On the bases of the foregoing factual and procedural antecedents, petitioner seeks to annul and set aside the aforesaid order and decision of respondent Judge Aquilizan on the grounds that:  (a) he was denied due process of law; (b) the respondent Judge has no jurisdiction over the instant case, jurisdiction being legally lodged with the Ministry of Agrarian Reform; (c) assuming respondent Judge has jurisdiction thereof, the order of June 29, 1978 has already become final and no new decision novating the same may be rendered; and (d) the findings of facts, arrived at without hearing, are contrary to the evidence (sic).[12]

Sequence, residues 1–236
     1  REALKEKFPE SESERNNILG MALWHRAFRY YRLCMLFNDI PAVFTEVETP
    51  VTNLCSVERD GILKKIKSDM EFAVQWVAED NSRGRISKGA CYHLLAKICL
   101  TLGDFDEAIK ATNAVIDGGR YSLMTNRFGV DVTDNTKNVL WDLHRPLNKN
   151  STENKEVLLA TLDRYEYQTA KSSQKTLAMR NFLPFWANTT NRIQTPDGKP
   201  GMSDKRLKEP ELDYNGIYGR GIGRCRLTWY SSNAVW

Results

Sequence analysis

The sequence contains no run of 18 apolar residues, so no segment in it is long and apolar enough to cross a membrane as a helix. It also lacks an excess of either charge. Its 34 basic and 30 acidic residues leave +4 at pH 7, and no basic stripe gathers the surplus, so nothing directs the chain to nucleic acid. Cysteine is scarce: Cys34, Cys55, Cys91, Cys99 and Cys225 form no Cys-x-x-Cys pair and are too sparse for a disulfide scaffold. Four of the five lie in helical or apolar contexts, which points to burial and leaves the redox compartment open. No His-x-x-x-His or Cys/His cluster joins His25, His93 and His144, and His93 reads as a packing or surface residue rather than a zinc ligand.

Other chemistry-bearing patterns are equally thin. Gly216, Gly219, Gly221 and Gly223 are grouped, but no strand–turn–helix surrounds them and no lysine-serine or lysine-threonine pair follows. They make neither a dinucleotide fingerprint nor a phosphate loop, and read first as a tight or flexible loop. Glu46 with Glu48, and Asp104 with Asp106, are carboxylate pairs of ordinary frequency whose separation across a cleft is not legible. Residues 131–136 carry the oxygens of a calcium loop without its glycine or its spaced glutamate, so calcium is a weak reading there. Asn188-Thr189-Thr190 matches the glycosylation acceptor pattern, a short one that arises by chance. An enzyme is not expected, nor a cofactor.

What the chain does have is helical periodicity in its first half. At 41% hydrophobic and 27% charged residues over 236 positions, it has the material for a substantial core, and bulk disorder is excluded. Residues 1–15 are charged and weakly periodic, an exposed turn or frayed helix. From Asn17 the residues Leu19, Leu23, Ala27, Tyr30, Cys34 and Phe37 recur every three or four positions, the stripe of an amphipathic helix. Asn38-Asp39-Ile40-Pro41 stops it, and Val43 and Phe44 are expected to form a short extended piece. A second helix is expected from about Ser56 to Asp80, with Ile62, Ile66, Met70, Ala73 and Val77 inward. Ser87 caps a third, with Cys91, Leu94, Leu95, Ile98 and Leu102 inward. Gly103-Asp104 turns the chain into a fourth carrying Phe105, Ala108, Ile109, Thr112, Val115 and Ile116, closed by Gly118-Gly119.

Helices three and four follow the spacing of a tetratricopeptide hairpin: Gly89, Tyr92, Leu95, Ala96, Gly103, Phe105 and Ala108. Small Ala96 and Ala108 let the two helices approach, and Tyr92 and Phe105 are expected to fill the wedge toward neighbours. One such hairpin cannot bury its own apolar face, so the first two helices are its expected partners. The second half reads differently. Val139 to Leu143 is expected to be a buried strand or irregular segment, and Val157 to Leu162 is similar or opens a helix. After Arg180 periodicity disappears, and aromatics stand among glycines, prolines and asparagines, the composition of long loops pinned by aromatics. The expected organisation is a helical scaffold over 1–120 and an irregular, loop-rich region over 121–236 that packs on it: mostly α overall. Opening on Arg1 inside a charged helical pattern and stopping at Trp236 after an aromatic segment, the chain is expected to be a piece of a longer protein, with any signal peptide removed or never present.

In his Answer, respondent Judge Aquilizan did not deny the lack of hearings alleged in the petition, but interposed the defense that the subject decision has already become "... final and executory after the lapse of the period for the perfection of an appeal..." and "... there is no showing that an appeal was brought to the Appellate Court in accordance with the provisions of PD 946 and the Uniform Rules of Procedure of the Court of Agrarian Relations."[13] That instead, the respondent (should be petitioner) filed the instant "Certiorari with Preliminary Injunction" to review the "Decisions of the Honorable Court of Agrarian Relations dated September 29, 1978", and "... that Certiorari cannot be substituted for an appeal x x x."[14]

On June 22, 1979, We considered the case submitted for decision.